Joseph G. Ward earned a master’s degree in business from Gonzaga University, spent time as a heralded super stock race car driver and ascended to the top of the land-development industry, winning sales awards, buying acres of coveted land and doing business with real estate moguls Harlan Douglass and Raymond Hanson.
But last week, investigators searching his Nine Mile Falls home found methamphetamine and property from several burglaries, and the owner of Pinnacle Realty spent the night in the Spokane County Jail on drug and stolen property charges.
His arrest spotlights an illegal drug that, while falling out of the headlines, continues to command police attention.
The Jan. 7 arrest – five days after his 61st birthday – followed a raid by the SWAT team and the Washington State Patrol auto theft unit on his five-acre property on Tormey Road overlooking Long Lake. And it accompanied the arrest of three other suspects at his home, including two with lengthy criminal records.
“The type of evidentiary items we found, that was typical,” said WSP Cpl. Dave Bolton. “What’s atypical is the suspect: Joe Ward.”
Ward faces one count of felony possession of a controlled substance, three counts of possession of stolen property and one count of possession of a stolen vehicle, according to WSP.
Members of the Spokane real estate community said they were shocked by the allegations.
“He’s not your ordinary Realtor. He’s one of the best,” said developer Dave Black.
Ward opened Pinnacle Realty in 1988. He handled leasing at the Spokane Valley Mall when Hanson was developing it in the 1990s. He also helped Douglass with projects along North Division Street and other developments
“It takes a guy with a lot of qualities to serve a guy like that,” Black said of the notoriously prickly Douglass.
Rob Higgins, executive vice president of the Spokane Association of Realtors, worked in the same office as Ward in the 1980s.
“No one got to work earlier than Joe or left later than Joe,” Higgins said. “Whatever Joe did, he did better than anybody else.”
In 1990, Ward became the first Eastern Washington shooter to win the state skeet championships.
Ward did not return phone messages left at his downtown Spokane office, and Bolton said the investigation is ongoing and declined to comment on Ward’s involvement. Arrested with Ward were Scott A. Johnson, 49, Shad A. Johnson, 36, and Chelce A. Zimmerman, 28.
Both Johnsons have extensive criminal records that include drug and stolen property charges. The investigation into the group began in late November when a man called WSP and said he was concerned about Scott Johnson’s girlfriend, who moved onto Ward’s property with Johnson in the summer after Ward hired Johnson for maintenance work, according to a search warrant.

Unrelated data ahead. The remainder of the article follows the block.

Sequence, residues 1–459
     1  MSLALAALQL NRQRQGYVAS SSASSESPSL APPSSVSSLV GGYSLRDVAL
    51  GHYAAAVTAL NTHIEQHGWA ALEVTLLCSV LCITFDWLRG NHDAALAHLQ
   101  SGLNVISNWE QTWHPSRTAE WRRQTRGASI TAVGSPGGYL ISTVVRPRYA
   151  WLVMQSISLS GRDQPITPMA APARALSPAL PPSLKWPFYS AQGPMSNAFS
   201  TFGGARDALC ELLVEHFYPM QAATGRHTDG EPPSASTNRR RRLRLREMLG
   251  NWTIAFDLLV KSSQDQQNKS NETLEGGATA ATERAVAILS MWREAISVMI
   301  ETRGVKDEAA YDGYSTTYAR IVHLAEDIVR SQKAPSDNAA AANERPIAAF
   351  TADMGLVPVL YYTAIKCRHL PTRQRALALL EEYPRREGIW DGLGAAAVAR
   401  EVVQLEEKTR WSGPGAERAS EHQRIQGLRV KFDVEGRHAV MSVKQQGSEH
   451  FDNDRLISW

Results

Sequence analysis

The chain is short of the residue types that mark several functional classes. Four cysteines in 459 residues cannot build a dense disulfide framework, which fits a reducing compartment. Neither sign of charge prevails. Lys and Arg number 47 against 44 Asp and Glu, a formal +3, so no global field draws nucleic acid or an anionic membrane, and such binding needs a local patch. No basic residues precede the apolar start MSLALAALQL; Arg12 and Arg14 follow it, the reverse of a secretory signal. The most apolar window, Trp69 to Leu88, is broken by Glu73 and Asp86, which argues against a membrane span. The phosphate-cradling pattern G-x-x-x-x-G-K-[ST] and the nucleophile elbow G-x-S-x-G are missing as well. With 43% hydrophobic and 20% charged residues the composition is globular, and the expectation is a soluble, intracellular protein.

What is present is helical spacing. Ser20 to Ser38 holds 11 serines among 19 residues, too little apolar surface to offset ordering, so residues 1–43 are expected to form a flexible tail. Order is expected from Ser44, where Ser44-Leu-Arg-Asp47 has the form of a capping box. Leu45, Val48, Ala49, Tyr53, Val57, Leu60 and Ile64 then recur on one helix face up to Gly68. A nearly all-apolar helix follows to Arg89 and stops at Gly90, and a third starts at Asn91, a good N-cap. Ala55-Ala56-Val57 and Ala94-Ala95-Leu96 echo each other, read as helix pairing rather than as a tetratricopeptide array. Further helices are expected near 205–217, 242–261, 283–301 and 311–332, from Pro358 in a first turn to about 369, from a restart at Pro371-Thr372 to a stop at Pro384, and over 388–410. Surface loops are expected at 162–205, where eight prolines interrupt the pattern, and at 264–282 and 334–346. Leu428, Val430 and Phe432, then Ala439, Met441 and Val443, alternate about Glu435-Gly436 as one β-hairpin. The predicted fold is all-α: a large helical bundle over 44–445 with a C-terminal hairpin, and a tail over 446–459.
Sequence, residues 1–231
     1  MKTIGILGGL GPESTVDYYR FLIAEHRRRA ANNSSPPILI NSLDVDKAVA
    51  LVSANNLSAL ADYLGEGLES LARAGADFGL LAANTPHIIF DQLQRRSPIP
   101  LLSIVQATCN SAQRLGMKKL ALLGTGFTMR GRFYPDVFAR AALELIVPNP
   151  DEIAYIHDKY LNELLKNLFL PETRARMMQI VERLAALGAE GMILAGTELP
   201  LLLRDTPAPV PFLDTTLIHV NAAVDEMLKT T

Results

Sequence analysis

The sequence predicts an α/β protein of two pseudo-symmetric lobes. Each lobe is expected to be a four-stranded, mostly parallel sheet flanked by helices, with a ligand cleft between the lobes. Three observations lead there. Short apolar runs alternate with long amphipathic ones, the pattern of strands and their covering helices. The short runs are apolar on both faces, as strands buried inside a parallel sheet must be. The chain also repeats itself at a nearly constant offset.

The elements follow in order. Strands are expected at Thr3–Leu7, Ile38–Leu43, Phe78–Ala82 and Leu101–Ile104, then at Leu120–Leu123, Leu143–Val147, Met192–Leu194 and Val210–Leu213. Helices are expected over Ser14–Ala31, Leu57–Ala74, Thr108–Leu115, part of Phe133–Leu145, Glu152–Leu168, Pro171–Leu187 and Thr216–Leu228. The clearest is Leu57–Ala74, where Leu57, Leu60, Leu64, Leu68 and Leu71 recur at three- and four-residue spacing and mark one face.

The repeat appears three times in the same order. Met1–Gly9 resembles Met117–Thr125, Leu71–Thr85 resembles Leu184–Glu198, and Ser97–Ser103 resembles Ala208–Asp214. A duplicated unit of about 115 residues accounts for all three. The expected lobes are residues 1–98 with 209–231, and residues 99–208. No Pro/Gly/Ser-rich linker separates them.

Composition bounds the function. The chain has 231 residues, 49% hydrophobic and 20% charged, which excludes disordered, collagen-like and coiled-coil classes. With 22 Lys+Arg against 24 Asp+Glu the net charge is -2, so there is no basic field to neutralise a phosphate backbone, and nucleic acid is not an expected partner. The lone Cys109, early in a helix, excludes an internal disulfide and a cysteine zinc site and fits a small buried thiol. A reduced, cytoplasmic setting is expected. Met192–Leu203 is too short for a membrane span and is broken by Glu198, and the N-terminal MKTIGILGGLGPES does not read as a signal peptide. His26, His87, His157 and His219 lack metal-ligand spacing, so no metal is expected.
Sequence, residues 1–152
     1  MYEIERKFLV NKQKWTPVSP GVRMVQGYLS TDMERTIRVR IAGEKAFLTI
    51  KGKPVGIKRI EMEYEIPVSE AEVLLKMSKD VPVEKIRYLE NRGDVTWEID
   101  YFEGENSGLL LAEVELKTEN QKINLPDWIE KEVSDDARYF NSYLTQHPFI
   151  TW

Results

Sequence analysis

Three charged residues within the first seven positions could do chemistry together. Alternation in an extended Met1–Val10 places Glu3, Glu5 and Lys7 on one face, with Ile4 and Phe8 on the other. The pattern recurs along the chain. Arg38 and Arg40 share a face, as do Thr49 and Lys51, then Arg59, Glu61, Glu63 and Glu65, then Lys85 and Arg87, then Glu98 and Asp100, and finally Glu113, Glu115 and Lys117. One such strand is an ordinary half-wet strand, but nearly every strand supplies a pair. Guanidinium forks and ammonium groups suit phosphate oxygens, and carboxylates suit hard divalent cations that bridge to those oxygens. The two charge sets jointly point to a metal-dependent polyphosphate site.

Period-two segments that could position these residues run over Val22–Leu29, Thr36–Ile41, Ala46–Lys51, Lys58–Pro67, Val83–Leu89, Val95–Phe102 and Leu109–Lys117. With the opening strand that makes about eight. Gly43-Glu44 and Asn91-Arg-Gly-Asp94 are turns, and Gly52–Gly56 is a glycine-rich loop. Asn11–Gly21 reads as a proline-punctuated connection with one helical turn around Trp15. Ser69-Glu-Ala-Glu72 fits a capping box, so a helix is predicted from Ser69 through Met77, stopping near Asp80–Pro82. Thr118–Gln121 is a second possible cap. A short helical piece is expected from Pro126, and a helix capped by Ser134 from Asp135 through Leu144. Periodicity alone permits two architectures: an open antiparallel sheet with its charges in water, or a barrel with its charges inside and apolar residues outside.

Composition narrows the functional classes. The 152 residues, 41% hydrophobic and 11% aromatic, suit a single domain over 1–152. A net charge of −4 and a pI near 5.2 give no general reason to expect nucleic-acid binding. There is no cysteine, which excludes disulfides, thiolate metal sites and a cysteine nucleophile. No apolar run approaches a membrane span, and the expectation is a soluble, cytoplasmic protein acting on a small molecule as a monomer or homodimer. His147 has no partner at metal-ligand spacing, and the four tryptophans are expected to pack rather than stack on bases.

That man, Michael D. Olinger, told police he “had heard Joe Ward had been very wealthy at one time and has lost most of his money due to an addiction to methamphetamine,” Detective Jeff Thoet wrote in the search warrant.
Scott Johnson worked as an informant for the Spokane County Sheriff’s Office until he began using methamphetamine again in 2005, Thoet wrote, and has since provided occasional information about stolen property, including allegations against Olinger, a felon, that were never substantiated.
The search warrant details an apparent feud between Olinger and Johnson that culminated with Olinger’s visit to WSP on Dec. 29 to report abuse by Johnson against his girlfriend and the presence of stolen property at Ward’s home.
Troopers found personal watercraft, ski equipment, a boat, trailers, sprinkler equipment, an ATV and other property they say was reported stolen as far back as last summer. Olinger told investigators that Scott Johnson would steal property in exchange for methamphetamine from Ward.
Shad Johnson was arrested as he drove a Jeep Wrangler from the property, which WSP says was stolen from St. Regis, Mont.
It wasn’t the first time law enforcement had been at the home.
A month earlier, sheriff’s deputies responded to a report of an assault against Zimmerman by her boyfriend, David K. “Ink” Sankey, who allegedly fired gunshots at Ward’s home.
That report prompted the SWAT team to join WSP in the early evening raid of Ward’s home, Bolton said.
“We decided the risks were a little higher than we wanted,” Bolton said.
Black said he hopes Ward’s determination will help him now.
“He didn’t let many things get in his way; he just plowed right ahead, which is what it takes in our business,” Black said. “Don’t count him out.”
Higgins said he’s keeping Ward in his prayers.
“I hope he works his way through this. He’s a good man,” he said.
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